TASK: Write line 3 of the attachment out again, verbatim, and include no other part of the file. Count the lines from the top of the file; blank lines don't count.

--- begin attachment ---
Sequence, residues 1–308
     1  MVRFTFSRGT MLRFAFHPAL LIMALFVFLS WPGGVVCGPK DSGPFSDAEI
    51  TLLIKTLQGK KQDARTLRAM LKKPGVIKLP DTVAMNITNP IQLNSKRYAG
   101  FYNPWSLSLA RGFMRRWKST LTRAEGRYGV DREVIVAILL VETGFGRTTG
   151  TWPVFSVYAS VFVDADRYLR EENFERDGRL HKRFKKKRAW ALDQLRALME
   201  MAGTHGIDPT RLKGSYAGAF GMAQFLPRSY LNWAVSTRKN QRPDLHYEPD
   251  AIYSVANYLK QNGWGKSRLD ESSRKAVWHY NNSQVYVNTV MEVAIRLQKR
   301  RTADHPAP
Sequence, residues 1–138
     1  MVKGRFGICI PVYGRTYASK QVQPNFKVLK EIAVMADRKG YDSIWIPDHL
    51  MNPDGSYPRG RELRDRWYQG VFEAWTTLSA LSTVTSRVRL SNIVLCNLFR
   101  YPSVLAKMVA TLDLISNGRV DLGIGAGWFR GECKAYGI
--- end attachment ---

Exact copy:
    51  TLLIKTLQGK KQDARTLRAM LKKPGVIKLP DTVAMNITNP IQLNSKRYAG